5. Crosby grabs the crown: When Harry Howell won a Norris Trophy for the New York Rangers in 1967, he joked how lucky he was because Bobby Orr would own the award from then on. Orr won the next eight and Crosby could very well do the same with the scoring title he took with a six-point night in December and held the rest of the way. If he's not the very best player in the NHL right now, he's among them. And he's only 19. This is only the start of the Crosby era.
6. Lou's iron fist: No one argued with New Jersey GM Lou Lamoriello's right to run the team as he pleases, even if his methods raised more than a few eyebrows. The ultimate comment will come when the Devils' playoff run ends and their success is determined. Lamoriello is the boss and if he wants to fire a guy who picked up 102 points with three games left in the season, he can. But you can be sure that's going to make a lot of potential future coaches think twice about heading to New Jersey. Lamoriello said that doesn't concern him because he believes he'll attract candidates who want to win. Maybe. The Devils are a perennial powerhouse, but no coach wants to feel that dispensable.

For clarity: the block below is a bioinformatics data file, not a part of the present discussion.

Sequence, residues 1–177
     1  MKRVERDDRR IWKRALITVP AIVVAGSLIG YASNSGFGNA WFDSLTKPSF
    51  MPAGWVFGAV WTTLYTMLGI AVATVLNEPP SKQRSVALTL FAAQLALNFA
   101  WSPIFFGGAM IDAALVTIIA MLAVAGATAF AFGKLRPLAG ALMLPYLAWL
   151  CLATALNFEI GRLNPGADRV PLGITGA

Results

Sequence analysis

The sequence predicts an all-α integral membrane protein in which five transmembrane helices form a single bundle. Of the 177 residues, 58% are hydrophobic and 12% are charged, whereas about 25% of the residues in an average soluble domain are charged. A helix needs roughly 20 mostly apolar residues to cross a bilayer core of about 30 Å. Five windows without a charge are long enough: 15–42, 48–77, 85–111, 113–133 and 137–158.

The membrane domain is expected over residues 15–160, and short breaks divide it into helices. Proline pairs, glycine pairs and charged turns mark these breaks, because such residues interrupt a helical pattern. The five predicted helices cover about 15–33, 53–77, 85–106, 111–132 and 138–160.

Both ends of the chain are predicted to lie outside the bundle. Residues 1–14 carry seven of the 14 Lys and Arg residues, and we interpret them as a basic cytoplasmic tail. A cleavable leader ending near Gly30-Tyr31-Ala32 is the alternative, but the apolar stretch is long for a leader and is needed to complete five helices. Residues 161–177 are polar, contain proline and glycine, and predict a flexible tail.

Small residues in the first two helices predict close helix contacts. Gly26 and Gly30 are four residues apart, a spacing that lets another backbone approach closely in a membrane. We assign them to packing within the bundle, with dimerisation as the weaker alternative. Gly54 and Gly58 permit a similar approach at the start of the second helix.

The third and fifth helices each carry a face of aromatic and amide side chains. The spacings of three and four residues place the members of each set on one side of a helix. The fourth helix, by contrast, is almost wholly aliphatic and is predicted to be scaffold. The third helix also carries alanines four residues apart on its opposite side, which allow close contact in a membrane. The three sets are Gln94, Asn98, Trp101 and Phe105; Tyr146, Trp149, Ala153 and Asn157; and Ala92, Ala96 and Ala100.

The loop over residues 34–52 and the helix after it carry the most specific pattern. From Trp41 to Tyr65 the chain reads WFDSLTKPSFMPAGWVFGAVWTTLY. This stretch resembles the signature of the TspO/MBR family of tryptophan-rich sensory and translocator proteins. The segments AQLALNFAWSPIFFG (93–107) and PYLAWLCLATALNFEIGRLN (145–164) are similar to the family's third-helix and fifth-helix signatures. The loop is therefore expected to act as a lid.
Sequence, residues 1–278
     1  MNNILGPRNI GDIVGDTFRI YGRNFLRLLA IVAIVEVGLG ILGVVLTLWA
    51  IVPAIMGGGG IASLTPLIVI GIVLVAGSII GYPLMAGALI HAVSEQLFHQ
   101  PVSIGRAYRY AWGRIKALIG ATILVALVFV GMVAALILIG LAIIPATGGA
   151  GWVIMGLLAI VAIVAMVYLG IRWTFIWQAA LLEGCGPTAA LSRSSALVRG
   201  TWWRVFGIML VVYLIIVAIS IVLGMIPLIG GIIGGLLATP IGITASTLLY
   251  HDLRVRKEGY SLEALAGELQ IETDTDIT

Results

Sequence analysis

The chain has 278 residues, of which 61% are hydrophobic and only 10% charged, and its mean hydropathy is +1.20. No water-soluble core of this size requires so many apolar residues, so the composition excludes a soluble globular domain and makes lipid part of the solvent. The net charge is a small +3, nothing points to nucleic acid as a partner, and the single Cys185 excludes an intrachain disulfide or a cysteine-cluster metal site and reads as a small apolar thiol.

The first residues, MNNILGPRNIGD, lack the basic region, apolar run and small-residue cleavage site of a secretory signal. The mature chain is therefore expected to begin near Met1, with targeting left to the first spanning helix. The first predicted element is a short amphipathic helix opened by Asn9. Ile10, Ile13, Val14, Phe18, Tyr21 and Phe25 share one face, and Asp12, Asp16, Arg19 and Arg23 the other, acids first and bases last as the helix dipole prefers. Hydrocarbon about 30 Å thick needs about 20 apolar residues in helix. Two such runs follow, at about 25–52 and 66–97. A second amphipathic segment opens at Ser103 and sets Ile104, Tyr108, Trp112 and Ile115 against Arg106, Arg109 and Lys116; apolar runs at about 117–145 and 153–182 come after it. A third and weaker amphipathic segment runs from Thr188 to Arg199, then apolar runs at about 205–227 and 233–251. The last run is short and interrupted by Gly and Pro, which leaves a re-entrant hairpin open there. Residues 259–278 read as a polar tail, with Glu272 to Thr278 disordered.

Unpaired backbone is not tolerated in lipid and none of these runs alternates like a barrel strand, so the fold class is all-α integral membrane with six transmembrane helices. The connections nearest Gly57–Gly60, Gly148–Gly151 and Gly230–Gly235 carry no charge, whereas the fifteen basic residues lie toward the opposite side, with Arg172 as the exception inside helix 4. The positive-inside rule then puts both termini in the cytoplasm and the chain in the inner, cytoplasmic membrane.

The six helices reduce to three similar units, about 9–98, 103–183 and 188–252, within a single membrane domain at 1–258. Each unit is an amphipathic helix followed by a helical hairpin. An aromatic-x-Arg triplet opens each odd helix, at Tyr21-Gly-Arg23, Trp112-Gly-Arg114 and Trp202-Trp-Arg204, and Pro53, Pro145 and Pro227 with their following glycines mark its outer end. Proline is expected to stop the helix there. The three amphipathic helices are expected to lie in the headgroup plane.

7. End of the Bobby Clarke era: It came with a crashing thud in November and brought the curtain down on the quintessential Philadelphia Flyer. Clarke started there as a player in 1969, captained Philadelphia's only two Stanley Cup winners in the '70s and spent 18 years in two stints as GM. The Flyers were often title contenders and always a playoff team, but the league changed a lot after the lockout and Clarke fell behind. His team-building vision made him partial to big, physical players who were ill-suited to a faster game, something that was exposed early this season after Philadelphia camouflaged it last year by making the playoffs. The Flyers were done by Thanksgiving and the 57-year-old Clarke was part of the house-cleaning.